"Led technology has immense scope for improvement": Lalit Puri

Reading time: 6 minutes
28 April 2015

The Climate Group interviews Lalit Puri, BG-Head – Professional Lighting Solutions Lighting India, Philips India Limited, to talk about the future of LED lights in driving India’s low carbon economy.

  • Over the last six years, The Climate Group has successfully facilitated many urban local bodies (ULBs) in the installation of LED street lights in India, by bringing together different LED professionals including manufacturers, energy companies, planning authorities and government groups. In your opinion, how does this initiative pave the way for upscaling the technology throughout the country?

To begin with, The Climate Group LED street lighting pilot project in 2009 was a great initiative. The Climate group rolled out the first LED conversion at a time when the pay back periods were very long and the awareness about LED was very low. 

Confidence on the LED technology was also very low. At a time like this, The Climate Group went ahead to produce assertive proof, with commitment. It was an excellent job done.

  • Do you foresee a significant expansion in the LED street lighting business and services in India in the coming years? How do we accelerate the current rate of penetration of LED lighting technology in the country?

If we look at what’s happening presently today, most of the municipal corporations do not have financial capacity to invest in CAPEX (the expenditures associated with the altering of a company’s future), although there was a letter issued in 2013 from the Ministry for Urban Development – which was a kind of a guideline or directive that stated that all the Municipal Corporations henceforth should move over to LED lighting. However, it has not been followed.

Two years ago, the Government of India with four power supply unit’s such as NTPC, NHPC, Power Grid Corporation and Power Finance Corporation together formed Energy Efficiency Services Limited (EESL – a joint venture to create and sustain markets for energy efficiency in India) reached out to the state governments seeking contracts and aiming to get proposals for energy efficiency related initiatives, in the public domain.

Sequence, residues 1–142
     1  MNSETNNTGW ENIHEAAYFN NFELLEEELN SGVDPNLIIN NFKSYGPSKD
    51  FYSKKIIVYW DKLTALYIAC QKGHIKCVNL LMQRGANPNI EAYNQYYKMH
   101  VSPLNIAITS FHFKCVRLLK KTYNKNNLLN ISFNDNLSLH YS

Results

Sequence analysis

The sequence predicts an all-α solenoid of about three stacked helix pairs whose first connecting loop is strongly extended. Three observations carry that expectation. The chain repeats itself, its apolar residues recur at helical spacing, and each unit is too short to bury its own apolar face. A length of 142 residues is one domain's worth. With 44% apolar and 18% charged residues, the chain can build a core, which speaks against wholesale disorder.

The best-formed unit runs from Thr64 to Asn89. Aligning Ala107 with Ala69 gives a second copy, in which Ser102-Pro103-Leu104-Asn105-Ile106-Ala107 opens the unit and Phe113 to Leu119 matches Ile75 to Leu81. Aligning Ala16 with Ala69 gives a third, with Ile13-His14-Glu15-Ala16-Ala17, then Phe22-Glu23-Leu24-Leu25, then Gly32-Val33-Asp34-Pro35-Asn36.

The EESL joint venture started approaching state governments seeking contracts on OPEX or ESCO models. The work has already started in Vizag, Tripura and Rajasthan, and it may formulize in some parts of Delhi in the future.

The overall endeavor is to grow more and more, however the question arises whether the ULBs want to be a part of it or choose otherwise.

The other important factor is the way PSU/EESL is working by understanding that the current standards for lighting are not adequate enough to cater to the overall outdoor LED requirements and hence there is a lack of quality checks. In this scenario, it is an open market for expansion; anybody can apply for the tenders and pick up the orders.

It boils down to the fact that, to make a reliable product which can last longer is not that easy, there have to be cautious efforts taken to achieve the optimum desired quality.

  • In your opinion, what are the perceived barriers for ULBs to undertake large-scale LED street lighting projects – and how can they overcome them?

In terms of finance, it’s not such a great issue as the EESL has a lot of support in terms of finance from their promoters. Further, there are private players, companies and financial institutions who are willing to invest. When we talk about scaling up LEDs, there are two major hurdles: the value proposition and secondly the technology.